{mosimage}It had been a busy day at the office and as I walked into the house I was psyching myself up for an evening of parenting.

As the father of a large family there is always someone who needs attention. Any given night could include a trip to the arena or basketball court, dropping one of the older children off at their part-time jobs, or helping Emma and Hope with their homework.

{mosimage}Phil Fontaine is leaving the Assembly of First Nations in July after serving three terms since 1997 as National Chief. He will be missed. His accomplishments are many but perhaps Fontaine aptly summed up his own legacy in one succinct sentence: “We are now in a position to say we forgive.”

Fontaine’s years as National Chief were sewn together by a thread of reconciliation. That single theme — establishing harmony and friendship with the rest of Canada — dominated his tenure. Fontaine understood that a two-way relationship of fraternity and trust would only occur when First Nations peoples received a sincere apology for the many wrongs suffered over the decades. Then would come the difficult part: they’d have to forgive.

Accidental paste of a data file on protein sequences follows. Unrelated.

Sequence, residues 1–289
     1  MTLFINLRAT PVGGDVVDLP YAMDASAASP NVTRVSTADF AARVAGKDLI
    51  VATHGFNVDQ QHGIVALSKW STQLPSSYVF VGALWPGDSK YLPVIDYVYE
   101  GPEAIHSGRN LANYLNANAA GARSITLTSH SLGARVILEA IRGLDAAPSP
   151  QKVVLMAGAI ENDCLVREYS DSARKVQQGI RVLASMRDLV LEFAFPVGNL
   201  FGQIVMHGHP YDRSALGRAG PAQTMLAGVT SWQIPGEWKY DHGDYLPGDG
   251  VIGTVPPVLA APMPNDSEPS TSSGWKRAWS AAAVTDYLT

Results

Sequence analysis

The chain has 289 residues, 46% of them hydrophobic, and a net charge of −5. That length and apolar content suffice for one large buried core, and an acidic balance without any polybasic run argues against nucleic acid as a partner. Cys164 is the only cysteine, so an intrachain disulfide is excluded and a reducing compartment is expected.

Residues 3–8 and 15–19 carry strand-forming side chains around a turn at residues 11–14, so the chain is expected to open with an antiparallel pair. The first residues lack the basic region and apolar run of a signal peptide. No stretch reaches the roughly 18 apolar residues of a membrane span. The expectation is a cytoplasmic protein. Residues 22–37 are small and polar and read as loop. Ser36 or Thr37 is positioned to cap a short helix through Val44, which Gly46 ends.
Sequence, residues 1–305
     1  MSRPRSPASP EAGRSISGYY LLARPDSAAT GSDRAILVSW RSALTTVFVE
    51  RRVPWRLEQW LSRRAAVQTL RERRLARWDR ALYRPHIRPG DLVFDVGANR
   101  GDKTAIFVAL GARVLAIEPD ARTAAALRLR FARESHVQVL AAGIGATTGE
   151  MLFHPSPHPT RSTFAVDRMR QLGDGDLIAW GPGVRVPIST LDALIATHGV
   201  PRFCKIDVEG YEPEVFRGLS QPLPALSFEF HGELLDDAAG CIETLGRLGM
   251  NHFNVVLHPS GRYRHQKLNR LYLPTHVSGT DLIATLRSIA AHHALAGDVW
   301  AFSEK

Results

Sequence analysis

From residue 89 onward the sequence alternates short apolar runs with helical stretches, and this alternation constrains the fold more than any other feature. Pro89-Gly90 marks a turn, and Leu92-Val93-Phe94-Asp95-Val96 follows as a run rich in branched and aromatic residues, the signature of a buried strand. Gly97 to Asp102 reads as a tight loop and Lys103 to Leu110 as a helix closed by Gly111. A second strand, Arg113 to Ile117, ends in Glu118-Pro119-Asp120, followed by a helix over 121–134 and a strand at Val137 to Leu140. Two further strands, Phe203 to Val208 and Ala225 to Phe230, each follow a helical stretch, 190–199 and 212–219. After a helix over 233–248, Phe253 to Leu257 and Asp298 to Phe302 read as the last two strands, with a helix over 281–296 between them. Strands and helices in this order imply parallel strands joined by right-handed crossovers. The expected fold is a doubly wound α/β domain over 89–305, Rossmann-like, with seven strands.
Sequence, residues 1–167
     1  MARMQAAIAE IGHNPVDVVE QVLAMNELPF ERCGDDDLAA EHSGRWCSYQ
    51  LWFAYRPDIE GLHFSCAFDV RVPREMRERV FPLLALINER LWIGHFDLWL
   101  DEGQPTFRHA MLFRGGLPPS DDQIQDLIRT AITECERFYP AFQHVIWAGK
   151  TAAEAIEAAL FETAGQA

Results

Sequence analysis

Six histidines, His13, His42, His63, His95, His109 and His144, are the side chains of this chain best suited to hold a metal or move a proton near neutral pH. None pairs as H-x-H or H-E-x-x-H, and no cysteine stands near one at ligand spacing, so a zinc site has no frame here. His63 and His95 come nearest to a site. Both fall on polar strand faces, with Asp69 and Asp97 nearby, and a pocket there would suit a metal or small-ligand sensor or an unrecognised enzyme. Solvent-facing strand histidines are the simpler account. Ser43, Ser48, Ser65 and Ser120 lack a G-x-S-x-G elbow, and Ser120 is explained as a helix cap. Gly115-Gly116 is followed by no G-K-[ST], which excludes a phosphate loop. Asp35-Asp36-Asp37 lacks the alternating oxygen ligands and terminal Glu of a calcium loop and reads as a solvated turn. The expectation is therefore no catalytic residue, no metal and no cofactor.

Under Fontaine’s leadership, reconciliation was a journey with three roads. First came a multi-billion-dollar compensation settlement between the federal government and First Nations people stemming from the national scandal of the residential schools. That was followed by last June’s apology in the House of Commons from Prime Minister Stephen Harper on behalf of all Canadians. Third came a Vatican audience at which Fontaine received an expression of sorrow from Pope Benedict XVI for the  conduct of some church members.

{mosimage}I entered the Catholic Church, ten years ago, with my eyes wide open. Or so I believed at the time.